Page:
14 cm high by 10 cm wide
Twelfth illustration for Hardy's Under the Greenwood Tree, facing page 233
See below for passage illustrated and commentary.
Photograph, caption, and commentary by Philip V. Allingham
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"O Dick," she sobbed out, "where have you been away from me? O, I have suffered agony, and thought you would never come any more! 'Tis cruel, Dick; no 'tisn't, it is justice! I've been walking miles and miles up and down Grey's Wood, trying to find you, till I was wearied and worn out, and I could walk no further, and had come back this far! O Dick, directly you were gone, I thought I had offended you and I put down the dress; t'isn't finished now, and I never will finish, it, and I'll wear an old one Sunday! Yes, Dick, I will, because I don't care what I wear when you are not by my side — ha, you think I do, but I don't! — and I ran after you, and I saw you go up Snail-Creep and not look back once, and then you plunged in, and I after you; but I was too far behind. O, I did wish the horrid bushes had been cut down, so that I could see your dear shape again! And then I called out to you, and nobody answered, and I was afraid to call very loud, lest anybody else should hear me. Then I kept wandering and wandering about, and it was dreadful misery, Dick. And then I shut my eyes and fell to picturing you looking at some other woman, very pretty and nice, but with no affection or truth in her at all, and then imagined you saying to yourself, 'Ah, she's as good as Fancy, for Fancy told me a story, and was a flirt, and cared for herself more than me, so now I'll have this one for my sweetheart.' O, you won't, will you, Dick, for I do love you so!"
It is scarcely necessary to add that Dick renounced his freedom there and then, and kissed her ten times over, and promised that no pretty woman of the kind alluded to should ever engross his thoughts; in short, that though he had been vexed with her, all such vexation was past, and that henceforth and for ever it was simply Fancy or death for him. And then they set about proceeding homewards, very slowly on account of Fancy's weariness, she leaning upon his shoulder, and in addition receiving support from his arm round her waist; though she had sufficiently recovered from her desperate condition to sing to him, 'Why are you wandering here, I pray?' during the latter part of their walk. Nor is it necessary to describe in detail how the bag of nuts was quite forgotten until three days later, when it was found among they brambles and restored empty to Mrs. Dewy, her initials being marked thereon in red cotton; and how she puzzled herself till her head ached upon the question of how on earth her meal-bag could have got into Cuckoo-Lane. [Part the Fourth, "Autumn," Chapter 1, "Going Nutting," p. 243-244]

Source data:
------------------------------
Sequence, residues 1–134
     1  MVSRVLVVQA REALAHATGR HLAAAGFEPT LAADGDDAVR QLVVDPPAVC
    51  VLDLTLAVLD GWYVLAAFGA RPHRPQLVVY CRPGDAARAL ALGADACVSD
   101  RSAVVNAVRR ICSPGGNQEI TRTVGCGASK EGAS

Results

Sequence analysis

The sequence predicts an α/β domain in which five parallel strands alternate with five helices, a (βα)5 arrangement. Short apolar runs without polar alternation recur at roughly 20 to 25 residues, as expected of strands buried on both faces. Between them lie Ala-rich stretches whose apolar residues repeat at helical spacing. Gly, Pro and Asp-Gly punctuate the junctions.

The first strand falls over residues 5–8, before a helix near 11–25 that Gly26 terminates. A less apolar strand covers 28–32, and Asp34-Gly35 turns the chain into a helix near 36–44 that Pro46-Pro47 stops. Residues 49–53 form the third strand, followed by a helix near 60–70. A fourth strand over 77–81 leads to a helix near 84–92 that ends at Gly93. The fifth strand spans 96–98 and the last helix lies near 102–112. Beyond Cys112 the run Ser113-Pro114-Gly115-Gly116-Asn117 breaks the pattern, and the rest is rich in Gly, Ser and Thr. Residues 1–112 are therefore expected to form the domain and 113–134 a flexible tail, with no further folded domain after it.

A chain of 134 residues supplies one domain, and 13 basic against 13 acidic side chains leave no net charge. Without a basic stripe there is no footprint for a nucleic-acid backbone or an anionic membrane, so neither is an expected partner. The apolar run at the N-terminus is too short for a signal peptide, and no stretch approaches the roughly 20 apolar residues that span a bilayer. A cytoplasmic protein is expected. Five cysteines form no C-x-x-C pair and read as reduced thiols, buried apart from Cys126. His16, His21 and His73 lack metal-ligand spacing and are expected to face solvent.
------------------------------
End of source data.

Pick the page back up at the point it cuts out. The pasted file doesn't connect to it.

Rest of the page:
The proleptic reading of the illustration alerts the reader not to the conflict between Dick and Fancy over how best to spend the afternoon off, but to the resolution of the conflict over the refashioning of the blue dress since it depicts Dick and Fancy in the woods rather than in the schoolroom. However, the illustrator does not suggest that the scene decribed in the text transpires almost in darkness and that Fancy has not participated in Dick's nutting expedition at all. The meal-bag conspicuously positioned in the left foreground and the departing pair suggest that the illustrator had the aftermath of the ill-fated "nutting" expedition in mind, rather than Dick's earlier forray into the woods near Cuckoo Lane when Fancy's dress-making has consumed nearly all of Dick's half-day off. Making Fancy his priority, Dick has totally forgotten the overflowing bag of nuts he has so energetically gathered. Although the nutting was initially a symbol of his desire for a stroll in the woods with his beloved, as Fancy wasted time on a dress that Dick would not see her in, the nutting comes to represent for Dick how Fancy is utterly oblivious to his feelings as a result of her vanity.
Hardy, Thomas. Under The Greenwood Tree. A Rural Painting of the Dutch School (1870). Il. R. Knight. London: Chatto and Windus, 1878.
Hardy, Thomas. Under The Greenwood Tree, or, The Mellstock Quire — A Rural Painting of the Dutch School (1872). Ed. Anna Winchcombe. Houndmills, Basingstoke, and London: Macmillan Education, 1978. [All citations from the 1878 Chatto and Windus edition have been checked against this following readily available paperback edition.]
Kay-Robinson, Denys. The Landscape of Thomas Hardy. Exeter: Webb and Bower, 1984.
Pinion, F. B. A Hardy Companion: A Guide to the Works of Thomas Hardy and Their Background. Trowbridge, Wiltshire, and Basingstoke: Macmillan, 1968, rpt. 1984.
Wright, Sarah Bird. Thomas Hardy A to Z: The Essential Reference to His Life and Work. New York: Facts On File, 2002.
Last modified 13July 2014